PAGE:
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Investing in urban forests makes economic sense, study finds

urban forests

urban forests
Vancouver’s Stanley Park
Urban forests. An obviously good idea or a pipe dream?

We all know that trees are a plus for any city. Trees provide excellent shade, keeping us cool in the summer. They eat up pollution and smog, they reduce our stress levels and beautify the urban landscape. Trees absorb noise pollution, they make great homes for a variety of city dwelling creatures. And so on.

But the precise return on investment of adding more trees to the city? That would be a nice figure to have on hand.

Enter a team of researchers led by scientists at the University of Illinois currently in the midst of a large-scale investigation into the health benefits of trees, drawing on satellite imagery as well as extensive data on the health history of some four million residents of northern California.

“The reason this study has never been done before is that it’s really hard to infiltrate insurance data,” said Matt Browning, assistant professor at the University of Illinois at Urbana-Champaign’s College of Applied Health Sciences, to the Conservation Finance Network. “Most studies look at subjective measures of health. This is a really novel study that’s taking a long time to have all the administrative elements worked out. We’re hoping to have results in the fall.”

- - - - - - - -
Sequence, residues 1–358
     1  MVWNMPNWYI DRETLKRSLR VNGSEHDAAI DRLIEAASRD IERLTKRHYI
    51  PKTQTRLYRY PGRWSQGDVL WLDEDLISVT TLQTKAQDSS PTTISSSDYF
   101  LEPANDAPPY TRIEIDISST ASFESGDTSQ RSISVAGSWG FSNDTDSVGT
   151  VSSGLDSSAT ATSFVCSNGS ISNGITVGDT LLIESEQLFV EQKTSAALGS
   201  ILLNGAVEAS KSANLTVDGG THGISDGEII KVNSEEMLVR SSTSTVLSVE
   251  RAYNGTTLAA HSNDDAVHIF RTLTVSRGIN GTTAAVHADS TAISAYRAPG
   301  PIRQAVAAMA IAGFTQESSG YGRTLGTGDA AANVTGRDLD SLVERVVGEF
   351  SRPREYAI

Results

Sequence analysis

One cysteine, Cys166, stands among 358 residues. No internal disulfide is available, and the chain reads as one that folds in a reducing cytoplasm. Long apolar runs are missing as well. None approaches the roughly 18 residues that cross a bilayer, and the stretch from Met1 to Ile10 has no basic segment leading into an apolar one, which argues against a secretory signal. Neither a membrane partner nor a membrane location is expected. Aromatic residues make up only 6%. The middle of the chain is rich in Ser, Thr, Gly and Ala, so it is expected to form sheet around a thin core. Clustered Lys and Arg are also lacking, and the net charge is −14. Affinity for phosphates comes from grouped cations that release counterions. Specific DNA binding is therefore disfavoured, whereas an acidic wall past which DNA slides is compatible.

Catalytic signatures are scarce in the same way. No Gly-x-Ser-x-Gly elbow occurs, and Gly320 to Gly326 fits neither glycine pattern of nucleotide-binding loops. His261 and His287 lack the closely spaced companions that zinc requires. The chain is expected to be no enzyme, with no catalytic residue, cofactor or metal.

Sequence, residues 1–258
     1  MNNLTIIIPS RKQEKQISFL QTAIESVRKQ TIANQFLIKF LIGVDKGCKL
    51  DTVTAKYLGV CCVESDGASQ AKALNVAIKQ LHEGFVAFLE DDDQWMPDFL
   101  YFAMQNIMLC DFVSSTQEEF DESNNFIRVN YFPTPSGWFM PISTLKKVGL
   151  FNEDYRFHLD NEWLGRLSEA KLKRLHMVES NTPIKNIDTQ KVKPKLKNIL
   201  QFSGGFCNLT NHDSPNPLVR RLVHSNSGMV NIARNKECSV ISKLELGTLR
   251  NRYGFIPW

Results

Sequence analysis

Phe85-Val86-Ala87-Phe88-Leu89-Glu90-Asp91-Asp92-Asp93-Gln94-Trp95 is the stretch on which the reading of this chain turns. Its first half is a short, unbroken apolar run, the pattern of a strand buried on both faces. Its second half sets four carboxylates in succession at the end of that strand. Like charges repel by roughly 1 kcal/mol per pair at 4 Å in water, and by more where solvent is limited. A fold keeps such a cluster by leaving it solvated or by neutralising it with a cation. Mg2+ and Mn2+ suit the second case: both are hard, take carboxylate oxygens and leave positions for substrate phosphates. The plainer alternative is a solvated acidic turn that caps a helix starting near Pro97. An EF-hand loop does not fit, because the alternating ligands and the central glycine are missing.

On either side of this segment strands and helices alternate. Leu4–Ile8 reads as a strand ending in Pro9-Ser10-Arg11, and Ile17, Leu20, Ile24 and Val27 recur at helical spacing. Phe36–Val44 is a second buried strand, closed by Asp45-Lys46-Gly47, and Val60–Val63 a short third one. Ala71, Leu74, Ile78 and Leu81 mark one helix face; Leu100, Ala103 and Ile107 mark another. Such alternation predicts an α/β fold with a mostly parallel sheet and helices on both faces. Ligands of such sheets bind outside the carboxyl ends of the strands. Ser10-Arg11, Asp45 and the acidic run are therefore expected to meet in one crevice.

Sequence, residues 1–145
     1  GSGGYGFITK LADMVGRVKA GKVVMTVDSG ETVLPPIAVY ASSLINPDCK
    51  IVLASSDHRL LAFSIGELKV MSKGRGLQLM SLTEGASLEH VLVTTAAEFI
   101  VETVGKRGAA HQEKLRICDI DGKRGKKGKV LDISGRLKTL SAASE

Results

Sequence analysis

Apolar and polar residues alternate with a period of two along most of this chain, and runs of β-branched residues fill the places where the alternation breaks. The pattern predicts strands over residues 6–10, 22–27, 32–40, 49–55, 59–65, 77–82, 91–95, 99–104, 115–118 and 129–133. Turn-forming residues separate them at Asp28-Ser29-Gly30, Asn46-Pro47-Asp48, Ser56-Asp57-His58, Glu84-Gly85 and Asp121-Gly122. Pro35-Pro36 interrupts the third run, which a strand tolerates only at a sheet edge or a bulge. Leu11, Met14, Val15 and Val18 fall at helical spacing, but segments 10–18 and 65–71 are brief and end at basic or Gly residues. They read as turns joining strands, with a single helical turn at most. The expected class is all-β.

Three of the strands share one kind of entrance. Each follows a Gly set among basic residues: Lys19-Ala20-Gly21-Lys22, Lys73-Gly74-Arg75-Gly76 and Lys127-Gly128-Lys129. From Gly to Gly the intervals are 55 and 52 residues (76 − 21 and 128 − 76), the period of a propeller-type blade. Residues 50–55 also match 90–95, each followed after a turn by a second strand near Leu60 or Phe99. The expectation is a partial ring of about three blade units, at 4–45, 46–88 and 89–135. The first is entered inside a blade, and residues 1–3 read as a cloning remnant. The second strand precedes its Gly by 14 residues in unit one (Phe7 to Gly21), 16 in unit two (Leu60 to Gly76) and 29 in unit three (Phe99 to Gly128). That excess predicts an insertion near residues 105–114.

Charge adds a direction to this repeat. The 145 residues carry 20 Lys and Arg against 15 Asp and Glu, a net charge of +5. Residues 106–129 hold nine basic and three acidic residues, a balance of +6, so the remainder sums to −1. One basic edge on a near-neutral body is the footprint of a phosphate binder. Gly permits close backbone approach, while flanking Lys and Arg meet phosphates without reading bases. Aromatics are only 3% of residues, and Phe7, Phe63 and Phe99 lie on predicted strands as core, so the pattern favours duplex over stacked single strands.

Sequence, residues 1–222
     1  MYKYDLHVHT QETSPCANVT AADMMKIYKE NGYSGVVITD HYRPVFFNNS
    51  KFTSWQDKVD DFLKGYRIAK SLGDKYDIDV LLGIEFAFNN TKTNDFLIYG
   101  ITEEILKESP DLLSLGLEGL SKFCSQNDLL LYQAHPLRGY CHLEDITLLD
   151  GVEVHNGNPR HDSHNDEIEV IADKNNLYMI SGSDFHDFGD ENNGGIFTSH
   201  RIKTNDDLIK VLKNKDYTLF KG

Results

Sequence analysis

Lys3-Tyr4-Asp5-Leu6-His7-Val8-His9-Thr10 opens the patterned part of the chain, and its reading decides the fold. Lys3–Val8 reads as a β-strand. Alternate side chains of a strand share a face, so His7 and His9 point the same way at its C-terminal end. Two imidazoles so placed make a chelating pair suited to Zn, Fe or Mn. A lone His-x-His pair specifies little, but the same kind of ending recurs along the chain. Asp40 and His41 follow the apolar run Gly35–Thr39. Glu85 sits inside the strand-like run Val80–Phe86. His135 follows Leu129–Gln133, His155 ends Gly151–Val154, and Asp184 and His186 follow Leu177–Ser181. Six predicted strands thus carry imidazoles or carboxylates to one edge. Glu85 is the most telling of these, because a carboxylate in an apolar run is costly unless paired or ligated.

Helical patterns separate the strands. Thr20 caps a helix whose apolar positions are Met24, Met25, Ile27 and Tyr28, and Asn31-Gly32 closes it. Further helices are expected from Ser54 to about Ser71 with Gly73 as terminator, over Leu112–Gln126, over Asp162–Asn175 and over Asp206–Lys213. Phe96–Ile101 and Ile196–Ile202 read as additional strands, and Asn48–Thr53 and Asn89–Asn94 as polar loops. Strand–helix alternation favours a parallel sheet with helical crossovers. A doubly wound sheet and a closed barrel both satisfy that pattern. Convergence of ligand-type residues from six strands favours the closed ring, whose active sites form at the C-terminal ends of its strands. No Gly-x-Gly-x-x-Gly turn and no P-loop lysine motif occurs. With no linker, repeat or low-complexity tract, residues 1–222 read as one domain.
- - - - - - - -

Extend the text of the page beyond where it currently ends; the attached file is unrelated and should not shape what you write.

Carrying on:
Browning and colleagues paired up with US insurance company Kaiser Permanente to track 20 years of health records and demographic information, what Browning calls, “the best data set I’ve ever heard of for this line of research.”

Past research has shown that trees have positive health effects. One well-known study from the 1970s found that hospital patients whose rooms had a view of trees recovered more quickly than similar patients whose windows looked out on another building. A 2015 study of the urban forest in the city of Toronto found that an increase of ten or more trees per city block equated to residents feeling, health-wise, seven years younger.

That type of accounting the health savings per added tree is the aim of Browning’s comprehensive project, which hopes to create a data tool for use by municipalities to assess the cost savings to be had through planting more trees. “We’re expecting a 1:10 to 1:100 ratio for investment in urban green space with regard to reduction of health care expenditures,” Browning said

The researchers want emphasize how the return on investment varies depending on the area of town, as poorer neighbourhoods typically have fewer trees and lawns than high-income areas — and thus, could benefit more from urban forestry investment.

“We’re interested in assessing whether traditionally underserved populations have differentially better outcomes from small increases in urban forestry,” Browning said. “There’s actually the possibility that very marginal investments in green space in poor areas would make more of a difference than incremental investments in green space in rich areas.”

The overall impact that trees have on air pollution was assessed in a 2014 study by the United States Forest Service, which concluded that trees and forests in the US removed 17 tonnes of air pollution in the year 2010, effectively preventing 850 human deaths and 670,000 cases of acute respiratory symptoms and cutting health care costs by $6.8 billion.

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About The Author /

Jayson is a writer, researcher and educator with a PhD in political philosophy from the University of Ottawa. His interests range from bioethics and innovations in the health sciences to governance, social justice and the history of ideas.
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